With prime addition, is it ok to fill the tank and then add prime or treat every bucket I pour in. If so for how long?
 
Inactive User
  • #23
Any other thoughts?

Just to clarify, I did run through some other potential issues in my head, but they don't seem to the explanatory factor here. More specifically, there's more than 20 factors which can influence the nitrification process, and the most common in aquariums tend to be:

(1) Metabolic substrate concentrations: you have a largesse of ammonia, so this doesn't seem to explain it;
(2) Temperature: you're within the optimal range
(3) pH: again, optimal range
(4) Alkalinity (variously referred to as KH, carbonate salt concentration, etc.): your parameters are fine and in any case, nitrifying bacteria are able to utilise carbon dioxide as a metabolic substrate for carbon instead of carbonates
(5) Dissolved oxygen: this is highly unlikely given that you're using a commercially available filter with adequate surface disturbance

The only factor, to me, that is apparent is organic load. Here's an excerpt from Chen, Ling and Blancheton's (2006) study on how water quality factors affect nitrification in aquaculture systems:

"The fecal material excreted by fish and uneaten feed is organic in nature; thus, the water in a RAS [recirculating aquaculture system] may have a significant amount of organics, both in dissolved and particulate forms. Considerable research related to the organic effect on the nitrification process has been conducted, especially in domestic and industrial wastewater treatment. The most important impact of organics upon nitrification is due to the contribution of additional oxygen demand. Particulate and dissolved organics provide substrates for heterotrophic bacteria whose growth will compete with nitrifying bacteria for oxygen and growing space (OhashI et al., 1995; van Benthum et al., 1997 ). With the addition of organic matter, fast-growing heterotrophic bacteria which use organic carbon as their energy source will out compete slow-growing nitrifying bacteria, resulting in a decrease in the nitrification rate. It was reported that heterotrophic bacteria have a maximum growth rate of five times and yields of two to three times that of autotrophic nitrifying bacteria (Grady and Lim, 1980 )."

With prime addition, is it ok to fill the tank and then add prime or treat every I pour in. If so for how long?

Yep, that'll be fine. If you're dosing the conditioner into the tank, dose according to the tank's total water volume (and not the volume of the water change).
 
pamit73
  • Thread Starter
  • #24
Just to clarify, I did run through some other potential issues in my head, but they don't seem to the explanatory factor here. More specifically, there's more than 20 factors which can influence the nitrification process, and the most common in aquariums tend to be:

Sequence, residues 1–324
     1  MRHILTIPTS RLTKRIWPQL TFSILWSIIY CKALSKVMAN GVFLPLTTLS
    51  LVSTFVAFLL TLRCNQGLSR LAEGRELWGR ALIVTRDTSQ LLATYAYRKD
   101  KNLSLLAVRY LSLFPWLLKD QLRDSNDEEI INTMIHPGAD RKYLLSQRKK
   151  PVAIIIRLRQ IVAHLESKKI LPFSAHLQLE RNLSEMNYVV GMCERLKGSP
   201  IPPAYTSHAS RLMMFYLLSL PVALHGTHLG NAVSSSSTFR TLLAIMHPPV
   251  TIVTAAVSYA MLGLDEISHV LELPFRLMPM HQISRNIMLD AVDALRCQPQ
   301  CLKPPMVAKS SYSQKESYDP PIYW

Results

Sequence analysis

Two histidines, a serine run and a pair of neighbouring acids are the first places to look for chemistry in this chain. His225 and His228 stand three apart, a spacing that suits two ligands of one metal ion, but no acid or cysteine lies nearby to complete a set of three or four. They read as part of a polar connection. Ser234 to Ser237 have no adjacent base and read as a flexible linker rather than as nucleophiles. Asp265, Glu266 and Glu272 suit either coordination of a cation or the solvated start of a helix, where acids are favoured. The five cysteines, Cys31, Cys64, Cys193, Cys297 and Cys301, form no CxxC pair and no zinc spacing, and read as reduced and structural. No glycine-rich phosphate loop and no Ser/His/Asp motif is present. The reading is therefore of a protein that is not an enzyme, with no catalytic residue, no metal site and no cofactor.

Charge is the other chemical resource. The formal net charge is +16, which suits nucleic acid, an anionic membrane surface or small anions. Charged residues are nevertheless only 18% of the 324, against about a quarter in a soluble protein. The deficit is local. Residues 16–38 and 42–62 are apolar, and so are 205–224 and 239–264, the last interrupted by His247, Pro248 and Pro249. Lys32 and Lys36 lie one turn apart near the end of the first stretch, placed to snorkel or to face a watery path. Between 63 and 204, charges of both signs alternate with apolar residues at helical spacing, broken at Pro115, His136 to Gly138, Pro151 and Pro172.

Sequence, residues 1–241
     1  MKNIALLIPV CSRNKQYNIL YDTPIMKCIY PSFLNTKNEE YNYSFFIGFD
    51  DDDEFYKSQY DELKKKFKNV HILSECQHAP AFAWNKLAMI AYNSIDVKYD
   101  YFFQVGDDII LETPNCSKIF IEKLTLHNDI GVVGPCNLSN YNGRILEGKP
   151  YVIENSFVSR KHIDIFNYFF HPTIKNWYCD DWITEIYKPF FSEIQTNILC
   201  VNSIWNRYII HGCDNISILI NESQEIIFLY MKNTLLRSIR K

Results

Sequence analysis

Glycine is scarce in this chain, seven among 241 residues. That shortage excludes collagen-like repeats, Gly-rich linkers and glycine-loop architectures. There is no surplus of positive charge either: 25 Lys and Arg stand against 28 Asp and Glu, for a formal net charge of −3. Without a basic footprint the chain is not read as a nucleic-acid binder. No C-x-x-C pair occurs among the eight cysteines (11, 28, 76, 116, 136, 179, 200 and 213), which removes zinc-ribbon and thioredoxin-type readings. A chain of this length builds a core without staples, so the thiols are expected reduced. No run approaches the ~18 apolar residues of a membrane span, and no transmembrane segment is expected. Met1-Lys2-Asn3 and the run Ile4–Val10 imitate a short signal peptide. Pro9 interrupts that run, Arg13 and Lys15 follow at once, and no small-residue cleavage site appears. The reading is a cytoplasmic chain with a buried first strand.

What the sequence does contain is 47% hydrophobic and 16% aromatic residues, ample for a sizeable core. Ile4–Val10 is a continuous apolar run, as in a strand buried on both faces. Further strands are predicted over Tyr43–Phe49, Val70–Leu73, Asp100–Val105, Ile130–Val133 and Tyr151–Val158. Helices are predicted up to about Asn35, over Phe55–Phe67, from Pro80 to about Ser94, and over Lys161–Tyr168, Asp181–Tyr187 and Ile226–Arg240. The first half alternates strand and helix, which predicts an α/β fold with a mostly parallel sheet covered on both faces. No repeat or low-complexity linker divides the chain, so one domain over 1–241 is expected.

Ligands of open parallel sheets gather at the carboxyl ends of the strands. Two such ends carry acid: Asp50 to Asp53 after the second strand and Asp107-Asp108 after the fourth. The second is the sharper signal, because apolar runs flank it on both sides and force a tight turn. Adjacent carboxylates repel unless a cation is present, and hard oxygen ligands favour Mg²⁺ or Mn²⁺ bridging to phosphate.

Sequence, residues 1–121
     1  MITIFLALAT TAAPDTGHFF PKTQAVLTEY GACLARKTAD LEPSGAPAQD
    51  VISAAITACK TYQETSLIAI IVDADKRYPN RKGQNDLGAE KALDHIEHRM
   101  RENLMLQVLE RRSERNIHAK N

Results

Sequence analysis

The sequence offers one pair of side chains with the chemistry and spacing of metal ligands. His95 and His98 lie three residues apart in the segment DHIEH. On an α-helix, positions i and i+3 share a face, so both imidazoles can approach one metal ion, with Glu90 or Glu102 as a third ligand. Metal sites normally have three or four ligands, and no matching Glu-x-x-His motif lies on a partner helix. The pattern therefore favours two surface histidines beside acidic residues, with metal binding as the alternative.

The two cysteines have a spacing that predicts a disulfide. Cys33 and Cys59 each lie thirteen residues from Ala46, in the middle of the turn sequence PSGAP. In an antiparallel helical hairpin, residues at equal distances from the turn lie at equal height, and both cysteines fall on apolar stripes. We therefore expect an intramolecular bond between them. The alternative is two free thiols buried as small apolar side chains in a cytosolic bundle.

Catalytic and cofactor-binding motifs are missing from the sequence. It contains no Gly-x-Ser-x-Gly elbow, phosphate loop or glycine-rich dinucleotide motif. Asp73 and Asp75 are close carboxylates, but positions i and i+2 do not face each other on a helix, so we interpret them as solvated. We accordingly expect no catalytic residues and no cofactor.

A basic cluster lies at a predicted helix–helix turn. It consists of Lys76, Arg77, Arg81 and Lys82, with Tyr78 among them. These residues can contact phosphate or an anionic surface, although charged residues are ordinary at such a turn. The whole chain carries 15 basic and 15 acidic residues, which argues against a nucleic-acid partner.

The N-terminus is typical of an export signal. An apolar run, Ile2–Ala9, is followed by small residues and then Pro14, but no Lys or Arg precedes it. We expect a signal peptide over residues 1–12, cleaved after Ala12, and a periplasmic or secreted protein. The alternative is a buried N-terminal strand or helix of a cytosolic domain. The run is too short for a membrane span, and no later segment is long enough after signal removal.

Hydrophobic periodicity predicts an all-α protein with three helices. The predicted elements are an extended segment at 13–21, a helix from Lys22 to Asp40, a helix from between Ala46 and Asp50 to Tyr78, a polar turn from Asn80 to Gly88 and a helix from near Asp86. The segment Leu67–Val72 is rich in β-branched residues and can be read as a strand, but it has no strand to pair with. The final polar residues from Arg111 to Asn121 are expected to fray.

(1) Metabolic substrate concentrations: you have a largesse of ammonia, so this doesn't seem to explain it;
(2) Temperature: you're within the optimal range
(3) pH: again, optimal range
(4) Alkalinity (variously referred to as KH, carbonate salt concentration, etc.): your parameters are fine and in any case, nitrifying bacteria are able to utilise carbon dioxide as a metabolic substrate for carbon instead of carbonates
(5) Dissolved oxygen: this is highly unlikely given that you're using a commercially available filter with adequate surface disturbance

The only factor, to me, that is apparent is organic load. Here's an excerpt from Chen, Ling and Blancheton's (2006) study on how water quality factors affect nitrification in aquaculture systems:

"The fecal material excreted by fish and uneaten feed is organic in nature; thus, the water in a RAS [recirculating aquaculture system] may have a significant amount of organics, both in dissolved and particulate forms. Considerable research related to the organic effect on the nitrification process has been conducted, especially in domestic and industrial wastewater treatment. The most important impact of organics upon nitrification is due to the contribution of additional oxygen demand. Particulate and dissolved organics provide substrates for heterotrophic bacteria whose growth will compete with nitrifying bacteria for oxygen and growing space (OhashI et al., 1995; van Benthum et al., 1997 ). With the addition of organic matter, fast-growing heterotrophic bacteria which use organic carbon as their energy source will out compete slow-growing nitrifying bacteria, resulting in a decrease in the nitrification rate. It was reported that heterotrophic bacteria have a maximum growth rate of five times and yields of two to three times that of autotrophic nitrifying bacteria (Grady and Lim, 1980 )."



Yep, that'll be fine. If you're dosing the conditioner into the tank, dose according to the tank's total water volume (and not the volume of the water change).
Note that oxygen should not be an issue. In addition to having a largely oversized filter, I pump air in for several hours a day.
 
pamit73
  • Thread Starter
  • #25
Complete details of my tank setup. See attached.
 

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RSababady
  • #26
I'm going to suggest something a bit more radical: take your filter media out and scrub/soak it with non-conditioned tap water to kill off the bacteria and start anew.

Go for it!. Once everything from the filtered is washed with tap water, take a gallon of tank water out of the tank and rinse the filter and its media just to remove any traces of chlorine - this will help the bacteria colonize the media a jiff quicker.
 
pamit73
  • Thread Starter
  • #27
HI all, I am glad to report back that my tank appears now to be cycled or at least almost there. My original issue was high ammonia and zero nitrites and nitrates even after several weeks. Thanks to all the good suggestions to my post I did the following: